Leading zeros could happen at any point in the MAC number, so I’ll try to find the best solution once I’m back from work, then update the post as necessary.
      The easiest option would probably be to check if the byte is less than 16, and if so, add a ‘0’ character to the beginning of the converted byte.
      Something like:
      if ( mac[ i ] < 16 )
      {
      result += "0";
      result += String( mac[ i ], 16 );
      }
      else
      {
      result += String( mac[ i ], 16 );
      }

      1. Well this is a very fast reply describing what I did:

        void checkForUpdates() {
        uint8_t mac[6];
        char macAddr[14];
        WiFi.macAddress( mac );
        ///sprintf(macAddr,”%02x%02x%02x%02x%02x%02x”, mac[0], mac[1], mac[2], mac[3], mac[4], mac[5]); /// small letters at MAC address
        sprintf(macAddr, “%02X%02X%02X%02X%02X%02X”, mac[0], mac[1], mac[2], mac[3], mac[4], mac[5]); /// capital letters at MAC address
        Serial.println(macAddr);
        String fwURL = String( fwUrlBase );
        …. your code continuous here ….

        1. @ebakke
          Dear Sir,
          do you have any comment regarding my little code above?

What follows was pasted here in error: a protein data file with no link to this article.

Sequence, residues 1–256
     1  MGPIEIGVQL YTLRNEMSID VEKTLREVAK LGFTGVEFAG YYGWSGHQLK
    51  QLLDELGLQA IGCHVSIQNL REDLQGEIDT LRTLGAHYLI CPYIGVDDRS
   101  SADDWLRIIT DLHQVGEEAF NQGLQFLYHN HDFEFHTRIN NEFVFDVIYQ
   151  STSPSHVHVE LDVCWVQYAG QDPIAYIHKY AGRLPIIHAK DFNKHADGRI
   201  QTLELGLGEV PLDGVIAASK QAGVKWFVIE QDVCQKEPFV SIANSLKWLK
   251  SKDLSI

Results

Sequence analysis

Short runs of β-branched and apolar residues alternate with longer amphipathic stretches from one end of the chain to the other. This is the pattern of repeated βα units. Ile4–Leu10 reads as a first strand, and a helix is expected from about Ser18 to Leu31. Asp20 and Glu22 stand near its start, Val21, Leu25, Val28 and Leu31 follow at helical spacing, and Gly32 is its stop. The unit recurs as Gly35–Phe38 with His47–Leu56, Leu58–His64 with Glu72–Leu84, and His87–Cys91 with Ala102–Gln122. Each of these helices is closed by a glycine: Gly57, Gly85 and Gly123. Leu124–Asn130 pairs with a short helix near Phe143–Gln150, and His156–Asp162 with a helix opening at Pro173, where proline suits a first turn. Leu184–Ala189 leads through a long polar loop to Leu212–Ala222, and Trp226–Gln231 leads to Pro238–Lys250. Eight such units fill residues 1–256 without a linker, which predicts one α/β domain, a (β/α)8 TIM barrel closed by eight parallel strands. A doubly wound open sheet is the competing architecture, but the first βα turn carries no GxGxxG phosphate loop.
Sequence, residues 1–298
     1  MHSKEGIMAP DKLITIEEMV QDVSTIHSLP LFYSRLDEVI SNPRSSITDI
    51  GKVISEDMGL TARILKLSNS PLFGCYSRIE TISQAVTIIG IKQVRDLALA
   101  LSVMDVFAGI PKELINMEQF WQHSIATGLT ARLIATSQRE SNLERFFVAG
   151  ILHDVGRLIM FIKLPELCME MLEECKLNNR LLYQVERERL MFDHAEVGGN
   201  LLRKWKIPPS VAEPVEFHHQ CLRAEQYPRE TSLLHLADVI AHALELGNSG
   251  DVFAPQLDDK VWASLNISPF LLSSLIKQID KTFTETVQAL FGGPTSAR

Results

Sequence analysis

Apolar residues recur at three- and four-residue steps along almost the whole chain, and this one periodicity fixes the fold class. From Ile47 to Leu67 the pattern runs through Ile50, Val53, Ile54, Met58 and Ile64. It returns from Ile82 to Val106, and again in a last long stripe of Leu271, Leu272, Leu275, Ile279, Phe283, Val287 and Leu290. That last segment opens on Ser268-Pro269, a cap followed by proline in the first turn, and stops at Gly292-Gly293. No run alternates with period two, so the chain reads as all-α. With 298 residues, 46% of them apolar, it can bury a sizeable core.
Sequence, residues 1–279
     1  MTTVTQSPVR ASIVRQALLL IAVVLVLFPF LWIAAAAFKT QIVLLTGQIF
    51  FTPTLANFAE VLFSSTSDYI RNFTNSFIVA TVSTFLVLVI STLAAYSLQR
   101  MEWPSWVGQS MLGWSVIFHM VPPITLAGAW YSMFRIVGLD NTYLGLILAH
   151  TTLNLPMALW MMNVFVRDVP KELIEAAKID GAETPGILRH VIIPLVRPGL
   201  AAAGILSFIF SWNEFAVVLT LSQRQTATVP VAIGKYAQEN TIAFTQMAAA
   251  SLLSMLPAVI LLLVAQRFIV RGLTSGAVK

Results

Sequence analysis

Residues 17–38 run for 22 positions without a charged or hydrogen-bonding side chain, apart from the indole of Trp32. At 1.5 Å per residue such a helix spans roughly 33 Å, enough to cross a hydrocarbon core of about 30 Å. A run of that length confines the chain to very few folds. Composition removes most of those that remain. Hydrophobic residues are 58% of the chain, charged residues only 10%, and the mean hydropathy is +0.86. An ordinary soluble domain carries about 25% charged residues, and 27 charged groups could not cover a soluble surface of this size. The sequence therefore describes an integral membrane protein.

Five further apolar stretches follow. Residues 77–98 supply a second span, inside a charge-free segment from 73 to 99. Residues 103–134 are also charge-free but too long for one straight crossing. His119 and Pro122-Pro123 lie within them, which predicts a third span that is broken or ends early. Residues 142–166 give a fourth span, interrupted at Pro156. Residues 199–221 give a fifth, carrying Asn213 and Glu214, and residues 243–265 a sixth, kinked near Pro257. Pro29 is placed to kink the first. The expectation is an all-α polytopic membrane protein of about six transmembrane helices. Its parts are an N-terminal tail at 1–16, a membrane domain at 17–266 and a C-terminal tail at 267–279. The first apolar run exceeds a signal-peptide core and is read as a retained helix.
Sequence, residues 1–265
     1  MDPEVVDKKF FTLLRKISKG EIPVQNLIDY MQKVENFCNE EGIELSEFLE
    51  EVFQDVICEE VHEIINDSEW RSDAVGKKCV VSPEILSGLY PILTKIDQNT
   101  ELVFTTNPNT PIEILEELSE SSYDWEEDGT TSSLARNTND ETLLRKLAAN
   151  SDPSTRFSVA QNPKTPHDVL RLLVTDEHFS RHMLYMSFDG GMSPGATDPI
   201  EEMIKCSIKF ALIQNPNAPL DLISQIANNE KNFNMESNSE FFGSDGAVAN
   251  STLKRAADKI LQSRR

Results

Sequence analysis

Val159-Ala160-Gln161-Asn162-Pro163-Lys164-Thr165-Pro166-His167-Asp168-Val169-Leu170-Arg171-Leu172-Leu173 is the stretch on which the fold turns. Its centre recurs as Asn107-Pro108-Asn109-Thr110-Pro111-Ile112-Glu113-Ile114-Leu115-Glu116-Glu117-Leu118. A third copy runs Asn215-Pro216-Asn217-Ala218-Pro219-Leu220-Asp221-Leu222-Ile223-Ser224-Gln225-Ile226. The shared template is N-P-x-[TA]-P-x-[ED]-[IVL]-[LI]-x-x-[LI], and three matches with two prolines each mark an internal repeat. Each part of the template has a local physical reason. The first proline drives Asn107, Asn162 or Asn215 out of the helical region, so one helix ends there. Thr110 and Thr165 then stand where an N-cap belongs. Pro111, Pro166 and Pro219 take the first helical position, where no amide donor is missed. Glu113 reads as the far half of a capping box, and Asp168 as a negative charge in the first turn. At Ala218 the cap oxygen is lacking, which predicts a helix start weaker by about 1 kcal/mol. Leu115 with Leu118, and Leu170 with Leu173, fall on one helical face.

Thanks and Best Regards,
          Mike Kranidis

          1. Sorry for the delay, work and fun is a fine juggling act at times 🙂

            I mostly agree with the use of sprintf(), except I’d use snprintf() instead, to avoid buffer overflows in case of unexpected data.
            In this case, there’s a tight control of the input data, as the MAC address is known to be of uint8_t type, so sprintf() should be just as good.

            The reason I didn’t think of sprintf()/snprintf() when I wrote this is that this was not supported on the ESP8266 core when I first started writing for it. Old habits are hard to break, but your suggestion is easier to read and understand. I have updated the post accordingly.

            I have run it through a couple of update cycles and it appears to work well.

  3. @ebakke
    it is all fine now. Again thanks for your very good work regarding the HTTP OTA.

    Best Regards,
    Mike Kranidis

  4. Indeed, very good work!
    Good that I found your post. It will be much more easier for me to implement such structure in a web server.

    Thanks,
    Luciano Colin